Birmingham, AL — Although the governor of Alabama formally apologized to the Indian government last year and promised that justice would be served, a federal judge on Wednesday tossed out the civil rights case against the former cop responsible for partially paralyzing an innocent grandfather. Despite the fact that two separate police dashcam videos recorded the blatant use of excessive force on an elderly man, the judge dismissed the case because the officer’s two previous trials ended in hung juries.
At 9:00 a.m. on February 6, 2015, Sureshbhai Patel had been visiting his son’s family in Madison, Alabama, when he decided to take a morning walk through the neighborhood. Although the Indian grandfather had committed no crime, Madison Police Officer Eric Parker and his partner confronted Patel on the sidewalk in an attempt to question him. Unable to communicate with the officers or understand their commands, Patel tried to speak in broken English.
“He’s saying, ‘No English,’” Parker’s partner observed as they continued to interrogate Patel.
Parker later testified that Patel’s actions and appearance were “in sequence” with those of a burglar because the Indian grandfather did not answer questions and attempted to walk away during their encounter. Although Patel had not broken the law and was not carrying any weapons or burglary equipment, Parker suspected he was a burglar. At no point did he consider the possibility that Patel was visiting the country from India, struggling to communicate, and could not speak English.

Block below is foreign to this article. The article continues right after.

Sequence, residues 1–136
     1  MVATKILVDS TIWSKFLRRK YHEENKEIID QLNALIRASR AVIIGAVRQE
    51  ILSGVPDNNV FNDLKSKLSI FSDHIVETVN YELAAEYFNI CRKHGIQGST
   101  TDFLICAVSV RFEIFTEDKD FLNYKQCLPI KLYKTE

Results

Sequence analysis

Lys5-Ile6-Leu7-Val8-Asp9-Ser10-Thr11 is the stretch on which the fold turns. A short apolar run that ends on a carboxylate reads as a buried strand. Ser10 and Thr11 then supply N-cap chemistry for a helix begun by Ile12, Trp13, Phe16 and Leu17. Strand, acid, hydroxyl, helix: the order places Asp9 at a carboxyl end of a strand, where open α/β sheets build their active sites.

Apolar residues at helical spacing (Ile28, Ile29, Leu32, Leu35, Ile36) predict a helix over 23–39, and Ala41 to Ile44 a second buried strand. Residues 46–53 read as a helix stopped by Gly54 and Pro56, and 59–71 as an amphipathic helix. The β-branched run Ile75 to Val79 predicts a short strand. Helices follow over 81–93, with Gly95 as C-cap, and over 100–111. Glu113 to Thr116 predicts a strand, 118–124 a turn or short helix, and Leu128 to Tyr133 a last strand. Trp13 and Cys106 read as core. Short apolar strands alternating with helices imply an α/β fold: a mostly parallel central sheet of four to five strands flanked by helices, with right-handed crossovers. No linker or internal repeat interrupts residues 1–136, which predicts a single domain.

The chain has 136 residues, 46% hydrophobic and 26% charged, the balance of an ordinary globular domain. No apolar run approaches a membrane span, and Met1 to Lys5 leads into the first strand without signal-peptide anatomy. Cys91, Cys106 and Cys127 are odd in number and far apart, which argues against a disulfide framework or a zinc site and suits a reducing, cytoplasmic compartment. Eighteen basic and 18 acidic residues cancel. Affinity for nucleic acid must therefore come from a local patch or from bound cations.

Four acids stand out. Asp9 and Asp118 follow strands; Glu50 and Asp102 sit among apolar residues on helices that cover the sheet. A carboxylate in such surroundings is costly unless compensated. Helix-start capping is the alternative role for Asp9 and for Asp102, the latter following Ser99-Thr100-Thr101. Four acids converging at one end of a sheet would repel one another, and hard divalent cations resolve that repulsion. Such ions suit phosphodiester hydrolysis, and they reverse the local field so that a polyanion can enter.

Two police dashcam videos recorded Parker restraining Patel’s arms behind his back before suddenly sweeping the man’s legs out from under him while simultaneously slamming Patel face-first into the ground. With blood pouring down his face, Patel remained on the lawn unable to feel his arms and legs.
As another officer approached them, one of the cops acknowledged, “He don’t speak a lick of English.”
While recovering from surgery after doctors performed a cervical spinal fusion, Patel filed a lawsuit against the city and the two cops who initially confronted him. Since Patel does not have health insurance, his family launched a fundraising campaign at GoFundMe.com to accept donations towards his medical expenses.
Six days after the incident, Parker was charged with third-degree assault and later fired from the department. On March 26, 2015, a federal grand jury decided to indict Parker for use of unreasonable force. Even though Parker was caught on video clearly violating Patel’s civil rights, his two previous trials ended in hung juries.
In September, U.S. District Judge Madeline Haikala declared a mistrial after jurors failed to reach a unanimous decision. A second mistrial was declared two months later. Arguing on Wednesday that the prosecution did not eliminate reasonable doubt that Parker had used excessive force in his prior two trials, Haikala decided to throw out the case against the cowardly cop who felt threatened by an unarmed, innocent elderly man.
Last year, Alabama Governor Robert Bentley formally apologized to the government of India for the brutal assault. Referring to the use of excessive force, Governor Bentley assured the Indian government that justice would be served while expressing regret for Patel’s spinal cord injuries
“I wish to assure you and the government of India that we will see that justice is done,” Governor Bentley wrote last year. “I deeply regret the unfortunate use of excessive force by the Madison Police Department on Sureshbhai Patel and for the injuries sustained by Mr. Patel. I sincerely hope that Mr. Patel continues to improve and that he will regain full use of his legs.”
Instead of fulfilling Bentley’s promise, the U.S. justice system has once again failed an innocent person abused by an incompetent coward who should never have been given a badge and a gun in the first place.